EBU: Security system made JESC voting collapse

The access issues of the voting website during JESC2017 were caused by a security system. Spokespersons of EBU have confirmed this to ESCDaily in response to our editorial from earlier this week.

 The EBU used the security feature to ensure only one vote was counted from a single device.

In the editorial, chief editor Steef van Gorkum concludes that while EBU has succeeded to keep the voting procedure safe and fair, it did not succeed in preparing the website for the huge amount of online voters during the show. EBU now informs ESCDaily that one issue was in fact caused by the other.

Statement by EBU about online voting at JESC

After a thorough investigation into the Junior Eurovision Song Contest online voting platform we can confirm that the access issue for some users for a short time during the live final was caused by the security feature that was in place ensuring only one vote was counted from a single device.  Processing the huge number of votes cast took longer than could have been anticipated. And this meant some users could not access the voting platform.   

Whilst the situation is regrettable, the EBU takes the integrity of the voting system for its competitions very seriously. And we are confident, after this investigation, that the final result would not have altered had this issue not occurred. We are always looking at ways to engage our audience further. And the online vote showed that the Junior Eurovision Song Contest has an audience outside the participating countries and those who are passionate about the outcome. We are committed to continually updating and improving procedures so that Junior Eurovision will grow and grow each year.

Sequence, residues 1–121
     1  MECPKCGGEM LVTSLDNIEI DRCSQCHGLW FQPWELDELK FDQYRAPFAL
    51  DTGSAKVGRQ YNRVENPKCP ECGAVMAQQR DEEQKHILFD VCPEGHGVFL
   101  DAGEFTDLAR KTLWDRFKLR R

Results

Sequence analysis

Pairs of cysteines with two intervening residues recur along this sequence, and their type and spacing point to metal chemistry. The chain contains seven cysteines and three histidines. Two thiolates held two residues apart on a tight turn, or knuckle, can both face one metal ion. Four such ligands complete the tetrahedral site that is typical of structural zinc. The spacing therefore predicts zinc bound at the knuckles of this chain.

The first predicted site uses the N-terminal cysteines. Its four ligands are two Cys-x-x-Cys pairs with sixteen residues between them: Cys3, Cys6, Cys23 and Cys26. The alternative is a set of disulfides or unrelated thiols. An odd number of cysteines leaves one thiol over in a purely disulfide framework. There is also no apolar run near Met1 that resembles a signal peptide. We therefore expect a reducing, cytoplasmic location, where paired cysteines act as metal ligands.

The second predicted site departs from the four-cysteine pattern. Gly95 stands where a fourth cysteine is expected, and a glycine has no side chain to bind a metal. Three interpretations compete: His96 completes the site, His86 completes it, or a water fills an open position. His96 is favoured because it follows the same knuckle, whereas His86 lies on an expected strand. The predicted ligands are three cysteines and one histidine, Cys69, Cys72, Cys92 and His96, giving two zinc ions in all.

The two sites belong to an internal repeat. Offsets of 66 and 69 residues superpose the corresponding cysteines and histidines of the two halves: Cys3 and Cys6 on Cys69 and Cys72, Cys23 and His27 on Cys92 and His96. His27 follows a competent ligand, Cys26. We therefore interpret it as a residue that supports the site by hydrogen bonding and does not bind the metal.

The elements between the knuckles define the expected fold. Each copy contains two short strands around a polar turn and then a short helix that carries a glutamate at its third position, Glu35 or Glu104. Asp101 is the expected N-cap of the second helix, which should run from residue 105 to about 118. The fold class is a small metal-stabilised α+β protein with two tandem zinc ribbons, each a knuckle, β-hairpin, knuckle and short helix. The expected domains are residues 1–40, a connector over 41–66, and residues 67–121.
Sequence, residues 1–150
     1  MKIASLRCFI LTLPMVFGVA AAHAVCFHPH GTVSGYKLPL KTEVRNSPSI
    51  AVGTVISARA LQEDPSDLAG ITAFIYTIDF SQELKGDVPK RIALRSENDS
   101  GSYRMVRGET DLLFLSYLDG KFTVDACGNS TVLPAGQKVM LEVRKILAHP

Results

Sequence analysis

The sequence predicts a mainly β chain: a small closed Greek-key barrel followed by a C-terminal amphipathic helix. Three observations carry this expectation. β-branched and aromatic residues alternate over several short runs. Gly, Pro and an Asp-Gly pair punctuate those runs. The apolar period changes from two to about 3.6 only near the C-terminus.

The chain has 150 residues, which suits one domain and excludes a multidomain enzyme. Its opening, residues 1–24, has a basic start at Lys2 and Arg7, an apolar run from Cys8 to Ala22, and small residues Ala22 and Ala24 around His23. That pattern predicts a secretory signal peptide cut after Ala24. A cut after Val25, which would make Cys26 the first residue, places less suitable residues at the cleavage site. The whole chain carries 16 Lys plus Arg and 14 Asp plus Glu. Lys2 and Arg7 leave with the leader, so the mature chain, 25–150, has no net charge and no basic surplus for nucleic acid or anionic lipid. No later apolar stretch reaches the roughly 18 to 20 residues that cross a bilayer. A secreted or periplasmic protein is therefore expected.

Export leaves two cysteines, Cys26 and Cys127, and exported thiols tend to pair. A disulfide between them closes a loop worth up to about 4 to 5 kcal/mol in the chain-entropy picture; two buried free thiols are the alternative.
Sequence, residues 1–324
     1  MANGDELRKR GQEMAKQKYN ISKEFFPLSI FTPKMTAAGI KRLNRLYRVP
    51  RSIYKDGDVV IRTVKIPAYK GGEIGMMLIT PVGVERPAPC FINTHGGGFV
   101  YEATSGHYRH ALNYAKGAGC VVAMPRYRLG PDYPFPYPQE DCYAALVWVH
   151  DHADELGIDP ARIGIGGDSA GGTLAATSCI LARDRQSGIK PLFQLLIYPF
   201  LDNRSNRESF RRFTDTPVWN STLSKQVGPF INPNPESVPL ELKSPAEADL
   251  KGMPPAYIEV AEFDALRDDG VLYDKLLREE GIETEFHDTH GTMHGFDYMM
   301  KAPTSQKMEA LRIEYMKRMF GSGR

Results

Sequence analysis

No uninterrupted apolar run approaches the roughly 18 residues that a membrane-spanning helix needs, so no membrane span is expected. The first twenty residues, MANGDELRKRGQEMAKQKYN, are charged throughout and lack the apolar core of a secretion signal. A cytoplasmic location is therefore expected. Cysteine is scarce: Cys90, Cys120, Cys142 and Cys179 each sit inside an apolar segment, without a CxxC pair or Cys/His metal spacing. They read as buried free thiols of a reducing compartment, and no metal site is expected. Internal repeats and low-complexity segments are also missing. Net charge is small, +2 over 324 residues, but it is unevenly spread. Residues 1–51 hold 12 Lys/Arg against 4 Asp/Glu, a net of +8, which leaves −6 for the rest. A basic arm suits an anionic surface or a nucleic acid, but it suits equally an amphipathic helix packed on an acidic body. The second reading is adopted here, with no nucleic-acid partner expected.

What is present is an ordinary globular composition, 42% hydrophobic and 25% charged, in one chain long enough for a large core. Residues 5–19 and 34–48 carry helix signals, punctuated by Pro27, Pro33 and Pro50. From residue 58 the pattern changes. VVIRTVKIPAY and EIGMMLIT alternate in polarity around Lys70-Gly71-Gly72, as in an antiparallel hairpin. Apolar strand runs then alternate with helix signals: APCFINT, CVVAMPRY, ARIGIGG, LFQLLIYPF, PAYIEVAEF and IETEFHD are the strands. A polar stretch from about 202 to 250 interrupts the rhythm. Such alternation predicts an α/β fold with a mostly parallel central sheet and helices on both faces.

Testing for adult Eurovision

Last week, EBU’s Chief Executive Supervisor Jon Ola Sand confirmed to ESCDaily that the online voting procedure was a test. Potentially, this could lead to implementation of online voting at adult Eurovision in the future as well.

Immediately after his remarks, fans raised concerns about the security of online voting. In response, EBU stated that they had a security system in place. However, they were not willing to discuss how it worked exactly. EBU now adds that while they are happy their security system succeeded, they will work on improving the access issue to the website.

Such improvements are a necessity. If online voting ever comes to adult Eurovision, the voting website will need have a powerful security system, while at the same time being able to handle at least 20 times as many voters as during the JESC competition.